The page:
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Bone tumor mimickers: A pictorial essay.

Mhuircheartaigh JN, Lin YC, Wu JS - Indian J Radiol Imaging (2014)

Bottom Line: These bone tumor mimickers can include numerous normal anatomic variants and non-neoplastic processes.It is important for the radiologist and clinician to be aware of these bone tumor mimickers and understand the characteristic features which allow discrimination between them and true neoplasms in order to avoid unnecessary additional workup.Knowing which lesions to leave alone or which ones require workup can prevent misdiagnosis and reduce patient anxiety.

View Article: PubMed Central - PubMed

Affiliation: Department of Radiology, Beth Israel Deaconess Medical Center, Harvard Medical School, Boston, Massachusetts, United States.

ABSTRACT
Focal lesions in bone are very common and many of these lesions are not bone tumors. These bone tumor mimickers can include numerous normal anatomic variants and non-neoplastic processes. Many of these tumor mimickers can be left alone, while others can be due to a significant disease process. It is important for the radiologist and clinician to be aware of these bone tumor mimickers and understand the characteristic features which allow discrimination between them and true neoplasms in order to avoid unnecessary additional workup. Knowing which lesions to leave alone or which ones require workup can prevent misdiagnosis and reduce patient anxiety.

No MeSH data available.


Related in: MedlinePlus

External object. A 60 year old female with left hip pain. (A) Frog view of left hip shows a tiny radiolucency (arrow) in proximal femoral shaft, which disappears on (B) AP radiograph of left hip. The radiolucency is caused by a small hole in the side locator tag
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Figure 28: External object. A 60 year old female with left hip pain. (A) Frog view of left hip shows a tiny radiolucency (arrow) in proximal femoral shaft, which disappears on (B) AP radiograph of left hip. The radiolucency is caused by a small hole in the side locator tag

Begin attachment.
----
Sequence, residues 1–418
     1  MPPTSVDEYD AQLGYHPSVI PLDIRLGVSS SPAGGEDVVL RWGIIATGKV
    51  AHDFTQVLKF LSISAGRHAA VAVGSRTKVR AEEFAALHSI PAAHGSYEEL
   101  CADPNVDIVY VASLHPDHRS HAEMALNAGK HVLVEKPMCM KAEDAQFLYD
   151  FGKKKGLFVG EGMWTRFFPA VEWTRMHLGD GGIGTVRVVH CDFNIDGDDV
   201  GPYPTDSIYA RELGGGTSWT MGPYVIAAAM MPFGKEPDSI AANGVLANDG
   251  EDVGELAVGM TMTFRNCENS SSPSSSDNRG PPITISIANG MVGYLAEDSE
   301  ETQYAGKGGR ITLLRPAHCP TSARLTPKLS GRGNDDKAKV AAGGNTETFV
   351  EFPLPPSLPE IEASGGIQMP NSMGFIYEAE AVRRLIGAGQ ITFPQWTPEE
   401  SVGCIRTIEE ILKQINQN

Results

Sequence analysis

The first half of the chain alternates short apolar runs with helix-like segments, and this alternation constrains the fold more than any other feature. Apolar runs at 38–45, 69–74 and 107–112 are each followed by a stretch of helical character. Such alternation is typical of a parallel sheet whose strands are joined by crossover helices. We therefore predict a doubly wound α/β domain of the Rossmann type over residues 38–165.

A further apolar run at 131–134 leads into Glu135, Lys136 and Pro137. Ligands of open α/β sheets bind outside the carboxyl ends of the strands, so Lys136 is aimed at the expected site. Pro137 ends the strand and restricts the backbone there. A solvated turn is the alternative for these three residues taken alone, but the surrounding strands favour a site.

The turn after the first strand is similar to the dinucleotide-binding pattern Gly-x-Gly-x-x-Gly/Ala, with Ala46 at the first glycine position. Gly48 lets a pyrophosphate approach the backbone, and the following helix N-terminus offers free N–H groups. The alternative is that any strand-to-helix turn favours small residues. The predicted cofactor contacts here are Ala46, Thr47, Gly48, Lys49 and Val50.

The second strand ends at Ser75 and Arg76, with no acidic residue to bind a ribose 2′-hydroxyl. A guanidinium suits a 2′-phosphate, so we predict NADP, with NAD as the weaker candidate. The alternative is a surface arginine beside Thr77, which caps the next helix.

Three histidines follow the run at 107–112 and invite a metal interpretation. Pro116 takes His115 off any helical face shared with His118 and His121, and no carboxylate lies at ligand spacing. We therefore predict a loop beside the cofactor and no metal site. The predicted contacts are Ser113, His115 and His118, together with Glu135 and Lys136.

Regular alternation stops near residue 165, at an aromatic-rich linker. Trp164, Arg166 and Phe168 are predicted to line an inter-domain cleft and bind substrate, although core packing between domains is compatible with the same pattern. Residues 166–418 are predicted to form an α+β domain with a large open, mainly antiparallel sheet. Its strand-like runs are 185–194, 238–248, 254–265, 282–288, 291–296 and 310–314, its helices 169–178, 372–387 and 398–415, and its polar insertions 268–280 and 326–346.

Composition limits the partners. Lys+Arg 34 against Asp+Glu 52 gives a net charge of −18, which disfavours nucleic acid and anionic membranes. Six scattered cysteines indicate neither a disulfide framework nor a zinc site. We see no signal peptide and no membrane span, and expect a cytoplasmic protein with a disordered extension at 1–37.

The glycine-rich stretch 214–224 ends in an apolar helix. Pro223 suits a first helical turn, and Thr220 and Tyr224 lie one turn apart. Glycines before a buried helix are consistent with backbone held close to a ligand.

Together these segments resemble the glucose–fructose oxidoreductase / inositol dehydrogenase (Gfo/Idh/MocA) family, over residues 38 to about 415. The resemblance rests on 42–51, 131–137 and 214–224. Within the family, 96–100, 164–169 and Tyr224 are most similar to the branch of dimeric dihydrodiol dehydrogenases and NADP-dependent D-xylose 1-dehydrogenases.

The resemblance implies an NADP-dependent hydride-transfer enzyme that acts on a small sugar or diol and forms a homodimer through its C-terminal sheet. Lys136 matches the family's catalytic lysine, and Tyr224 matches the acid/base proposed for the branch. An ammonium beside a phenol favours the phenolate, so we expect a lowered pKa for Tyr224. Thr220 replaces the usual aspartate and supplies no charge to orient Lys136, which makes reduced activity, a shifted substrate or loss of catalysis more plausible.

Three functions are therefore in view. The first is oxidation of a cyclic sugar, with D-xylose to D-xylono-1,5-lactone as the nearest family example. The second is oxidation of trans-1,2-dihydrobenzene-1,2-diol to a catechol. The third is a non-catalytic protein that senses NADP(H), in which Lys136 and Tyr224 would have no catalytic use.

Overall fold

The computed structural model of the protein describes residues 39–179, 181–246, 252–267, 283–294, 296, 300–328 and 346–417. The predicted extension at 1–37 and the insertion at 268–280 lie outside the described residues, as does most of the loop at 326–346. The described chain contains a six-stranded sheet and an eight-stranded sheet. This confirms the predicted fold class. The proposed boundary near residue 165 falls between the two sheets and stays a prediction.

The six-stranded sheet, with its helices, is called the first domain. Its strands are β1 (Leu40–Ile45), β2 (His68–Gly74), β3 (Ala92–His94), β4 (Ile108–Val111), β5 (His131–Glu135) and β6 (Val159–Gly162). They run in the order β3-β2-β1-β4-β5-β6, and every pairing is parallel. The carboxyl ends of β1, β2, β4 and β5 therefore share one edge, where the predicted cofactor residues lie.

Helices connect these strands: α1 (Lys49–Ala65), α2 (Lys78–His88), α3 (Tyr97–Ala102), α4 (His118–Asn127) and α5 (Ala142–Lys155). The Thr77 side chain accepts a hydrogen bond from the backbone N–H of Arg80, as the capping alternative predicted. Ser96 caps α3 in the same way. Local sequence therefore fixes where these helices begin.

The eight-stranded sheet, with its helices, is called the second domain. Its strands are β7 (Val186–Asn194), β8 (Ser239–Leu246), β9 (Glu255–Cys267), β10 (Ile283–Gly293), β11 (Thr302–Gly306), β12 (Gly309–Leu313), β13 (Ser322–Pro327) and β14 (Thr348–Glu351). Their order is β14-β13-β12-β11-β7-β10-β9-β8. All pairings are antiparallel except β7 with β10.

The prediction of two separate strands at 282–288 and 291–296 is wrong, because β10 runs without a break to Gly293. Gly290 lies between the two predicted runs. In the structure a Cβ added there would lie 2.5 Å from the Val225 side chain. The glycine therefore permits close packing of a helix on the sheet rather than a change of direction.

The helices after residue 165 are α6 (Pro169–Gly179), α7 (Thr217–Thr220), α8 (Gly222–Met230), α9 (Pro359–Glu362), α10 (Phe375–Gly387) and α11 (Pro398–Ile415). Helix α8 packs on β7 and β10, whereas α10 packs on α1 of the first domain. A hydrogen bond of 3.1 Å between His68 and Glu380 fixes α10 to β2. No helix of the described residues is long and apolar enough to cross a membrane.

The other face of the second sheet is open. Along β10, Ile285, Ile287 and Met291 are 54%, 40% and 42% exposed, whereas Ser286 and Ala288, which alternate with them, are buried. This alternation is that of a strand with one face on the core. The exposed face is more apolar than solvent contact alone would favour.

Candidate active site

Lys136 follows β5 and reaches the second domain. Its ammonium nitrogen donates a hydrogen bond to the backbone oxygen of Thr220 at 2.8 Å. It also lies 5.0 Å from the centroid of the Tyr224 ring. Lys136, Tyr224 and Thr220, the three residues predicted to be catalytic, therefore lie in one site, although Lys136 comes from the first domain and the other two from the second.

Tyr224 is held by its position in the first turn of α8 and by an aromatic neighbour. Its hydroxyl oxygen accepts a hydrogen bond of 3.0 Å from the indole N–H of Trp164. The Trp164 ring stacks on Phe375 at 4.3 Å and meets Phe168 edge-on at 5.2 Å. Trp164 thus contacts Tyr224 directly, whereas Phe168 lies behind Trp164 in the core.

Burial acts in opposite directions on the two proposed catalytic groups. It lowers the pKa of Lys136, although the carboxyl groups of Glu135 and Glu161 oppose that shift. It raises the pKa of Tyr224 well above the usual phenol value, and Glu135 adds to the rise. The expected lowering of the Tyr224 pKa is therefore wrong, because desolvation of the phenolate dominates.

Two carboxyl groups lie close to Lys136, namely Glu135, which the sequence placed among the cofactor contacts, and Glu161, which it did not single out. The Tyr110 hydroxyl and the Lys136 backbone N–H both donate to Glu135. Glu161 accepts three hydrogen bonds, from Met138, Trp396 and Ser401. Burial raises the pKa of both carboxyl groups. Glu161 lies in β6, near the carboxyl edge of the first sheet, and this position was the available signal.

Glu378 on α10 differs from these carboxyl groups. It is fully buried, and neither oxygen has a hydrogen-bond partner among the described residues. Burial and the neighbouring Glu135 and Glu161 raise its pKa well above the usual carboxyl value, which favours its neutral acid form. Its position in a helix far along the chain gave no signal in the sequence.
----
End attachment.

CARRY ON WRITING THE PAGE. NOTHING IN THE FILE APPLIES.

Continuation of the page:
Mentions: External objects lying on a patient's skin can mimic bone lesions [Figure 28]. This commonly occurs in the acute trauma setting when urgent imaging is required and the technique may be suboptimal.


Bone tumor mimickers: A pictorial essay.

Mhuircheartaigh JN, Lin YC, Wu JS - Indian J Radiol Imaging (2014)

External object. A 60 year old female with left hip pain. (A) Frog view of left hip shows a tiny radiolucency (arrow) in proximal femoral shaft, which disappears on (B) AP radiograph of left hip. The radiolucency is caused by a small hole in the side locator tag
© Copyright Policy - open-access
Related In: Results  -  Collection

License
Show All Figures
getmorefigures.php?uid=PMC4126137&req=5

Figure 28: External object. A 60 year old female with left hip pain. (A) Frog view of left hip shows a tiny radiolucency (arrow) in proximal femoral shaft, which disappears on (B) AP radiograph of left hip. The radiolucency is caused by a small hole in the side locator tag
Mentions: External objects lying on a patient's skin can mimic bone lesions [Figure 28]. This commonly occurs in the acute trauma setting when urgent imaging is required and the technique may be suboptimal.

Bottom Line: These bone tumor mimickers can include numerous normal anatomic variants and non-neoplastic processes.It is important for the radiologist and clinician to be aware of these bone tumor mimickers and understand the characteristic features which allow discrimination between them and true neoplasms in order to avoid unnecessary additional workup.Knowing which lesions to leave alone or which ones require workup can prevent misdiagnosis and reduce patient anxiety.

View Article: PubMed Central - PubMed

Affiliation: Department of Radiology, Beth Israel Deaconess Medical Center, Harvard Medical School, Boston, Massachusetts, United States.

ABSTRACT
Focal lesions in bone are very common and many of these lesions are not bone tumors. These bone tumor mimickers can include numerous normal anatomic variants and non-neoplastic processes. Many of these tumor mimickers can be left alone, while others can be due to a significant disease process. It is important for the radiologist and clinician to be aware of these bone tumor mimickers and understand the characteristic features which allow discrimination between them and true neoplasms in order to avoid unnecessary additional workup. Knowing which lesions to leave alone or which ones require workup can prevent misdiagnosis and reduce patient anxiety.

No MeSH data available.


Related in: MedlinePlus